Latest Lymphocyte Stories
While new treatments have proven successful at suppressing HIV infection, they have thus far been unable to eliminate it due to the fact that they cannot attack the virus as it hides dormant in the cells of a person’s immune system.
Two studies by researchers at University College London (UCL) have investigated the reasons why our immune systems decline with age, and have found ways to address the problem.
SEATTLE, May 27, 2014 /PRNewswire/ -- Adaptive Biotechnologies, the pioneer of Next Generation Sequencing of the adaptive immune system, and its collaborators will present data supporting the
Scientists have found a way to target elusive cells that suppress immune response, depleting them with peptides that spare other important cells and shrink tumors in preclinical experiments.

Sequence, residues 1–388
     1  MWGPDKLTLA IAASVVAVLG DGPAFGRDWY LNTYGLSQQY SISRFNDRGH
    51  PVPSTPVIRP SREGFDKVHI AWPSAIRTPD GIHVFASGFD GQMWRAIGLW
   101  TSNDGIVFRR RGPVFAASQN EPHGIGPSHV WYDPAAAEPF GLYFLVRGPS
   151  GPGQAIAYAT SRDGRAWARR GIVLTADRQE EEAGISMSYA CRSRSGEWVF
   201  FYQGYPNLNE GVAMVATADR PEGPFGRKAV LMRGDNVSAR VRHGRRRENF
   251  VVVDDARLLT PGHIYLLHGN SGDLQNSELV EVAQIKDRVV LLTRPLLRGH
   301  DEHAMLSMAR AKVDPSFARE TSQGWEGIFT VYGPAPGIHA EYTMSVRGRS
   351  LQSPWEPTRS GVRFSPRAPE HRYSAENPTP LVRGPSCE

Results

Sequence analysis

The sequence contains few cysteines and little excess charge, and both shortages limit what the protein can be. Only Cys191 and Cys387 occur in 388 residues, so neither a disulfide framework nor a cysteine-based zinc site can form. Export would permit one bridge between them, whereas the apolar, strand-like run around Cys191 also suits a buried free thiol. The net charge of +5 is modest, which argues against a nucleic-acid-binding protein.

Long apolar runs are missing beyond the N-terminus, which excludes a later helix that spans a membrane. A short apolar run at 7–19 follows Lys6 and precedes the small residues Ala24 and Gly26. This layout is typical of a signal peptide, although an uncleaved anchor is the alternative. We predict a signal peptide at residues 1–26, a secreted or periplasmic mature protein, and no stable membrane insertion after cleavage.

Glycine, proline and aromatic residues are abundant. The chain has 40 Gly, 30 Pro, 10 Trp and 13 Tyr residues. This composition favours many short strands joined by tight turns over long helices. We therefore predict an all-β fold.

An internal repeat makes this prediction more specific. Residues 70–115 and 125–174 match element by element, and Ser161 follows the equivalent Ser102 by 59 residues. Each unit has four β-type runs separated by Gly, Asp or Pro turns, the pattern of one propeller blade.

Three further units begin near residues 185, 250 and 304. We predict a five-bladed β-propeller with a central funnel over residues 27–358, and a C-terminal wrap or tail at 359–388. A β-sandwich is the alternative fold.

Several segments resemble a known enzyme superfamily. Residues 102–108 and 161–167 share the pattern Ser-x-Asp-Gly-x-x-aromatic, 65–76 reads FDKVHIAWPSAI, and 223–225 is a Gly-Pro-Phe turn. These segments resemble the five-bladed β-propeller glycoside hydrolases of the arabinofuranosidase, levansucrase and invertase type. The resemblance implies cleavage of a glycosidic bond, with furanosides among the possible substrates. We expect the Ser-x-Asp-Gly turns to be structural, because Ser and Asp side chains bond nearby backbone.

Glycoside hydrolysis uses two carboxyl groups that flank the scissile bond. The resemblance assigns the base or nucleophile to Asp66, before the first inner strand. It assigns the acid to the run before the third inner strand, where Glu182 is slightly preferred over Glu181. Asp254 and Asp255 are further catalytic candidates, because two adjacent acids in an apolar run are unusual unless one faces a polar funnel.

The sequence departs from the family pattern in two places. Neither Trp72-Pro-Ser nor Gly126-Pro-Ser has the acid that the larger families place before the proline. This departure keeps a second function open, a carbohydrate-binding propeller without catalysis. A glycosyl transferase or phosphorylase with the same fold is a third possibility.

People infected with HIV whose immune cells have low cholesterol levels experience much slower disease progression, even without medication.
Over the last decade, much knowledge has been gained regarding the genetic events that drive leukemia; the exact cell of origin, however, remains largely unknown.
Christopher Parsons, MD, Director of the HIV Malignancies Program at LSU Health Sciences Center New Orleans, is the senior author of a paper that is the first to report that specialized fat (lipid) molecules, called sphingolipids, play a key role in the survival of aggressive lymphomas caused by viruses.
Researchers at the University of California, San Diego School of Medicine have successfully targeted T lymphocytes – which play a central role in the body's immune response – with another type of white blood cell engineered to synthesize and deliver bits of non-coding RNA or microRNA (miRNA).
- A serpent whose bite was fabled to produce intense thirst.